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The Moscow City Court has temporarily halted the deportation of a gay Uzbek journalist after receiving widespread criticism from human rights advocates, The Moscow Times reports.
Khudoberdi Nurmatov, who writes under the pen name Ali Feruz for Novaya Gazeta newspaper, is an Uzbek national who fled his home country in 2008 after he was arrested and tortured by security forces, according to CNN. Authorities in Uzbekistan had reportedly tried to force him to become an informant against some of his friends, who they believed to be practicing an extremist form of Islam.
As a journalist at Novaya Gazeta, Nurmatov covered stories on hate crimes, anti-LGBTQ discrimination, and migrant workers’ rights. He was arrested and detained in early August, allegedly for violating migration rules.
Human rights advocates widely denounced the planned deportation, noting that Nurmatov would almost certainly face imprisonment in his native country, where homosexuality is a punishable offense. He could even face death if anti-gay people attempt to take extrajudicial action.
While awaiting deportation, Nurmatov reportedly tried to commit suicide, the Times reports.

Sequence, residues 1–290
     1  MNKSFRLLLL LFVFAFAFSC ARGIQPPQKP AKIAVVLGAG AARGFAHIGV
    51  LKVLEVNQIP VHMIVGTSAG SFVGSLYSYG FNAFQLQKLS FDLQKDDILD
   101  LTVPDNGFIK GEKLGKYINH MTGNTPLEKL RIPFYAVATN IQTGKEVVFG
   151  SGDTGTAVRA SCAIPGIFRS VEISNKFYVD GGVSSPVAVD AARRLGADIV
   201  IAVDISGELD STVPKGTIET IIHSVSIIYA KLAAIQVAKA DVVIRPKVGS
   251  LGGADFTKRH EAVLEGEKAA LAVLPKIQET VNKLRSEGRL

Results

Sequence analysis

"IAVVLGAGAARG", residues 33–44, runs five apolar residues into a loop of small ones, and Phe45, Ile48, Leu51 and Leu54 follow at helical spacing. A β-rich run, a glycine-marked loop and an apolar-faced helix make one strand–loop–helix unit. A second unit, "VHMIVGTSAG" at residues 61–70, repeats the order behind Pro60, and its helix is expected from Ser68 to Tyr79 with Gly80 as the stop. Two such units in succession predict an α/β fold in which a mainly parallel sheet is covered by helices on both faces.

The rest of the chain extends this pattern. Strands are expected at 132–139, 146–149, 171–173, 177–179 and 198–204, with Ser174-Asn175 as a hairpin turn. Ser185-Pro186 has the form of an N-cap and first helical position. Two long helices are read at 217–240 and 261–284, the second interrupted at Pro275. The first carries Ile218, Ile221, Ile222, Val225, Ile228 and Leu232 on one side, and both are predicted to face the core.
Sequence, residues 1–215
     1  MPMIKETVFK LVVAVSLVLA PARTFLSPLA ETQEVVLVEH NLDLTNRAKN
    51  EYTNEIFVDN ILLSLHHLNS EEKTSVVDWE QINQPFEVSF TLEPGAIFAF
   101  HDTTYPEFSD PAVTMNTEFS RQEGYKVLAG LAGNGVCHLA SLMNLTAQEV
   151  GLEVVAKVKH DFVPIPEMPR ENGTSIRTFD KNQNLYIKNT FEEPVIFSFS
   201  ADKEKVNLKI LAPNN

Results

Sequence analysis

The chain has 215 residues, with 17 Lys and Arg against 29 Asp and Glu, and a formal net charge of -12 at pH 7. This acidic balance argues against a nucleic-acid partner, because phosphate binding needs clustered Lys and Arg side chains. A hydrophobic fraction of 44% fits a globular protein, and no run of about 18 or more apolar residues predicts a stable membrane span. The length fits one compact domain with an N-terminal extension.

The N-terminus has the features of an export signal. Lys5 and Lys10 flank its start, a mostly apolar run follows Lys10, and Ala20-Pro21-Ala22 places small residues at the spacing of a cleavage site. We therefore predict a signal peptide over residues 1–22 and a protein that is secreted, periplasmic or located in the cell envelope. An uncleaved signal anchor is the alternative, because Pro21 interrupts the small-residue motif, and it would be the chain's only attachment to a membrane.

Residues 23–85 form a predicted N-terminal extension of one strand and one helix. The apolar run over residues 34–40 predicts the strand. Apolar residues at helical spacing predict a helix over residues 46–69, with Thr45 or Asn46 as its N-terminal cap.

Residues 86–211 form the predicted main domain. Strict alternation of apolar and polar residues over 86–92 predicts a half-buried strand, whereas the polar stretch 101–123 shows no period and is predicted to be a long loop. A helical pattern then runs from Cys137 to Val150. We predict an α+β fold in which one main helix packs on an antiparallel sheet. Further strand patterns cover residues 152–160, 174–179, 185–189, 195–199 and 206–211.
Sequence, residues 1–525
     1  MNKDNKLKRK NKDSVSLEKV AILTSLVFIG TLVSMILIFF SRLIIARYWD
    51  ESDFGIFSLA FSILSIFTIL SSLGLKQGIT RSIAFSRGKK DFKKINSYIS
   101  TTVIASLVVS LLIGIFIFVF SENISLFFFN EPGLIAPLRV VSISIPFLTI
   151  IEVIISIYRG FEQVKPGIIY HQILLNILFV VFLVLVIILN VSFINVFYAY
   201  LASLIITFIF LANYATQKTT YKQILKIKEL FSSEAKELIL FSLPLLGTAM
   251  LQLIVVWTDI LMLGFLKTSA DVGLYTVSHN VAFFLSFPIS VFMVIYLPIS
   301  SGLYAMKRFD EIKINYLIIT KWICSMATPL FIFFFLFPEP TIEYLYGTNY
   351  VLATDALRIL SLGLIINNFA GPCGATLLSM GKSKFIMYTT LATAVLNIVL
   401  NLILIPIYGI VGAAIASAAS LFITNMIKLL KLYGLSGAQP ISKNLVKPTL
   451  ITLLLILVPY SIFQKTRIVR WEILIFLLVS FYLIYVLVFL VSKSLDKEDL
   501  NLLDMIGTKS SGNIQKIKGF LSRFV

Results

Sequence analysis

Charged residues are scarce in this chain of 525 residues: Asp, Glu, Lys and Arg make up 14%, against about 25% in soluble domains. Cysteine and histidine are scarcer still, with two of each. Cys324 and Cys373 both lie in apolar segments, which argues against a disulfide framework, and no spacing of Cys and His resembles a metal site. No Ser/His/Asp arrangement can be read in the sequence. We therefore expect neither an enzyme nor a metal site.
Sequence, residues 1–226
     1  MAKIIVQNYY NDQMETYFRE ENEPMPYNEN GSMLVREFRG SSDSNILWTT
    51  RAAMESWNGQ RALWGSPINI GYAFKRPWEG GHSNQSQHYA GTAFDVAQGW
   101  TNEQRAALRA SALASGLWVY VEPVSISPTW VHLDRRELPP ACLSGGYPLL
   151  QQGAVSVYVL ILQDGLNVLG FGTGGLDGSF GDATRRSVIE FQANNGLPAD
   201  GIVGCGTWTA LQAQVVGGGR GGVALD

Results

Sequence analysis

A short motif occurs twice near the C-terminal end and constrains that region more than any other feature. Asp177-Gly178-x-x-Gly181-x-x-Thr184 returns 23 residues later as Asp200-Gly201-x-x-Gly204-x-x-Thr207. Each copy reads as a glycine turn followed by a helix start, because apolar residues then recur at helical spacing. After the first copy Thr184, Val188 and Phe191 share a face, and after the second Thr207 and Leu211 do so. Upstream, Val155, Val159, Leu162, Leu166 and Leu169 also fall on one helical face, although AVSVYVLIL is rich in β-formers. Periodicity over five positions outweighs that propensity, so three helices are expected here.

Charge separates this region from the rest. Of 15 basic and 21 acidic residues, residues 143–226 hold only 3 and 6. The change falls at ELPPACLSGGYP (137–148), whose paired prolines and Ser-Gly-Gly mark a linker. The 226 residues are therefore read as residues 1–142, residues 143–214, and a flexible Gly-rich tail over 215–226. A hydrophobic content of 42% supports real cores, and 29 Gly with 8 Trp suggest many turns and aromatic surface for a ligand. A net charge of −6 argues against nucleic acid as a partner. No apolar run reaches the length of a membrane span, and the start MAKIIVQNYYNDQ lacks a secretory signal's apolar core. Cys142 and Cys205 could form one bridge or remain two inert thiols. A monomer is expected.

Last week, the European Court of Human Rights ruled that it would be illegal for Nurmatov to be deported until the Court reviewed his case.
The Moscow Court cited the ECHR ruling as the basis for its decision to halt the deportation. In the meantime, the journalist will be held at Moscow’s Sakharovo detention center for foreign citizens, according to the RBC.
Nurmatov, who has lacked official identity documents since 2012, had previously applied for asylum in Russia, but his request was refused.
“Russia has an obligation to protect Nurmatov, not send him directly into harm’s way,” Rachel Denber, the deputy Europe and Central Asia director at Human Rights Watch, said in a statement. “Uzbekistan has a long and well-established record of torture, and there is little doubt that Nurmatov faces a serious risk if he’s forcibly returned there.”
Denber noted that it is widely known that Uzbek authorities have imprisoned thousands of people on politically motivated charges, including members of conservative Muslim sects, human rights advocates, journalists, and others perceived to be enemies of the government.
“It’s difficult to imagine what more information Russian authorities need to be persuaded of the dire risk of abuse Nurmatov faces in Uzbekistan,” Denber said. “Now they need to do what’s right, and what the law prescribes – to free Nurmatov, protect him, and not return him to Uzbekistan.”